In the crazy world of social media, parents sharing their kids online is certainly not uncommon.
Tags like #mumtok have over 10 billion views on TikTok, and there are countless Instagram accounts where parents post about their kids, share tips and share parenting experiences.
But the French Parliament is not here for that. Parents who want to gain followers and make money by posting images of their children online may be prevented from doing so under the new Private Members Bill.
The proposed bill, introduced by MP Bruno Studer, who is part of French President Emmanuel Macron’s ruling party, is still under development. But if passed, perpetrators of “sharing” could be stripped of their right to share images of their child online. In extreme cases, the rights to the image of the child will be handled by a social worker.
Research shows that just over half of French parents post information about their children on social media, and 90% of them do so before their child is five years old.
In fact, the average child under the age of 13 shares photos on social media 1,300 times.
But is it necessary to fight the online activities of parents?
Clinical psychologist Dr. Marianne Trent says that as a parent of two, she never posts photos of her children online because she wishes it was their decision in the future.
She considers the French bill “quite extreme” but says it depends on the content being displayed.
“I believe that the presence on the Internet is the choice of every person. It’s about being able to get informed consent and make that choice for yourself at a time when you have the necessary understanding to think about it,” she tells Metro.co.uk.
“There are times when people become famous early on and it has affected their lives in ways they might not have chosen if they had the full ability to make those decisions.
“The pandemic has shown us one thing: there are many different ways to make money, and it’s not always a traditional job.
“Video content about animals and children is very entertaining and it can feel like parents are losing the opportunity to support their family.”
She adds: “Is it appropriate for people who can’t opt out of social media to generate income for their families? Just because you can do it, does that mean you should?
For parents who still choose to share images and videos of their children online, Dr. Marianne advises to always be fully clothed, because your intentions when taking a photo may not match those of those who view it.
She also believes that when a child is “in very strong communication”, such as a tantrum, whether or not the parent finds it amusing, there is a “grey area” because you are monetizing your child’s suffering.
TikTok’s rules don’t allow anyone under 13 to create an account anyway, so should younger children be shown on the platform?
Some parents think so. 24-year-old mum Della Noyce from West Sussex is sharing content with her 1.8 million followers about her 18-month-old daughter Dulcie. Fans enjoy their daily ritual of making coffee together.
The videos, some of which have racked up nearly 50 million views and a total of 47.5 million likes, have been praised by followers who thank Della for “brightening their day.”
She is safe and she brings so much comfort to our followers.
Della tells Metro.co.uk that she didn’t originally plan to make a video of Dulcie, but that “Dulce was intrusive” and wouldn’t let her humiliate her.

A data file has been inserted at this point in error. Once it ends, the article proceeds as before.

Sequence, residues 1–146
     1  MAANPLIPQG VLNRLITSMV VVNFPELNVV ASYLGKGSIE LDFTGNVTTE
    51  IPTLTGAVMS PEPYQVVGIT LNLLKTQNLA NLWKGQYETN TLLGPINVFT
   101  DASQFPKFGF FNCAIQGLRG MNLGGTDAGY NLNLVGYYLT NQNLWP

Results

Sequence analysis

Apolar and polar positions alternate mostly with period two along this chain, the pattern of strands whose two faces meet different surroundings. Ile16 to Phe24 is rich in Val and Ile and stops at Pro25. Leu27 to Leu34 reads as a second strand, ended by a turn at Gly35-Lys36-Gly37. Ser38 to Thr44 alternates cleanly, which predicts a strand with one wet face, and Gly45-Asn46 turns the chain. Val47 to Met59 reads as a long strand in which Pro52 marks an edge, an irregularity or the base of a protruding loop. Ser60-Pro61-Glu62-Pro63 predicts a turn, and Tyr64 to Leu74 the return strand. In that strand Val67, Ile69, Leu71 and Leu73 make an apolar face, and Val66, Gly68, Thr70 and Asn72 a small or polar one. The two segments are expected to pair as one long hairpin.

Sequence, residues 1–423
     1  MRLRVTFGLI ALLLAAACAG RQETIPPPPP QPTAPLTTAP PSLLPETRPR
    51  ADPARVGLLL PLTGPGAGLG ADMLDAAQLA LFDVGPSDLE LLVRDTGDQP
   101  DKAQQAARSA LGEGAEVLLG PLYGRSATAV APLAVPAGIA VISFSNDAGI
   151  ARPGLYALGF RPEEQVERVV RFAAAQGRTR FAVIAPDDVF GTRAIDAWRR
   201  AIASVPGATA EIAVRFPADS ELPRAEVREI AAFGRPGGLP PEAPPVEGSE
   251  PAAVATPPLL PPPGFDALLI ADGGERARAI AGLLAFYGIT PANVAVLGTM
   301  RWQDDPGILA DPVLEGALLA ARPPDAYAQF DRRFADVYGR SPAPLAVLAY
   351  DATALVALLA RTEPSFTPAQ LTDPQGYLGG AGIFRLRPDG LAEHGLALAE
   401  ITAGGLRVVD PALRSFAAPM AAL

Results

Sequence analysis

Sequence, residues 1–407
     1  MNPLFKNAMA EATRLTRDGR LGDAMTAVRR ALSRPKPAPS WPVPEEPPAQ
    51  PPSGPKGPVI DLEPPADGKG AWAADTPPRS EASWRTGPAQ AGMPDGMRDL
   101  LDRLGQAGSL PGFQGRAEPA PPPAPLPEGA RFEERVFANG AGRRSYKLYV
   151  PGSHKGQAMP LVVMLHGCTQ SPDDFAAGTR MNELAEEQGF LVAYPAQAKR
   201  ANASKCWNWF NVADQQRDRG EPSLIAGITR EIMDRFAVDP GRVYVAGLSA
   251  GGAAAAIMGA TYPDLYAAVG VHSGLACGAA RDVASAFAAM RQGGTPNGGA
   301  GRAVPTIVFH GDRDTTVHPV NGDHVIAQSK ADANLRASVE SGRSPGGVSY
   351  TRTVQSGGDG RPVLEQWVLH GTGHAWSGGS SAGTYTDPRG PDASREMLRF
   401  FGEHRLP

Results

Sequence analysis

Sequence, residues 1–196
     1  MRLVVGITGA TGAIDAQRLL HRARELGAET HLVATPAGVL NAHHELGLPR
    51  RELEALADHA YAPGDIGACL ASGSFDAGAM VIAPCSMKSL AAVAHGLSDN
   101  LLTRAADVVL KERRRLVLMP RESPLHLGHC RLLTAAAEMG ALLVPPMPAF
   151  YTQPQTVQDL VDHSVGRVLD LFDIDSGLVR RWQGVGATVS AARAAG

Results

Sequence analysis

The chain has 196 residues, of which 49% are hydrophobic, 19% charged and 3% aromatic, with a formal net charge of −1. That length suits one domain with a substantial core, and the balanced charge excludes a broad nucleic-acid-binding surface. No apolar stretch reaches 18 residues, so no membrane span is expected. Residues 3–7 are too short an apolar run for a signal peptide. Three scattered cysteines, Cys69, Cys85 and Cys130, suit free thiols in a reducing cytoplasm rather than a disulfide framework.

“I ended up doing it with her in my arms and everyone loved it! I never planned for it to explode the way it did at first, it was just fun for my little friends and family and then it got so big,” she says.
“It bothered me at first, but Dulcie wouldn’t hurt, I would never let her be in danger. She is safe and brings so much comfort to our followers.”
Della says she is asking Dulcie if she wants to act.
“Dulce is very knowledgeable about cameras, filming and TikTok,” she says.
“Before filming, they ask her if she wants her to say “yes TikTok” and take her cup or my phone” and if she is not feeling well or in a good mood she will say “no TikTok” and we will not . I do not publish, as my subscribers know.
While Della prefers to post Dulcie online, she also “agrees 100% with people who don’t want to post their kids on social media.”
She says: “Everyone has their own views on this, but it’s no different than moms who let their kids do acting and have their little kids on TV for everyone to see.
“Or the kids who pose for the billboards. It’s all the same and as long as you’re careful and set boundaries I think it’s ok and Dulcie loves and enjoys it.
“The day she doesn’t want to continue, she won’t have any questions.
“Dulce is at an age where she knows it’s a day to day routine and she really enjoys doing it with me and it’s such a strong bond we’ve developed through them.”
Della and Dulcie make money from TikTok and now that money is being used to support their family. “This allows her to live a better life now and build a sustainable future for her and for all of us,” says Della.
Mom-of-two Rebecca Smith, who posts information about her 11-year-old and three-year-old on her PicsandSquiggles small business page, says she’s engaging her kids to make her content and brand recognizable.
She says: “Because I sell art prints and postcards, my target audience is people my age — moms, parents, people who like the same things as me, people with kids — so I try to make my content understandable. So basically I use them for marketing.
“They are also the most popular types of posts, showing that my work is not really true, you should be interesting, so I use them for fun and to make life on the Internet a little more intimate.”
“I would never post nudity or anything that – if it gets into the wrong hands – could be used for anything. I wouldn’t post anything that would embarrass them later in life.”
The French MPs may well disagree.
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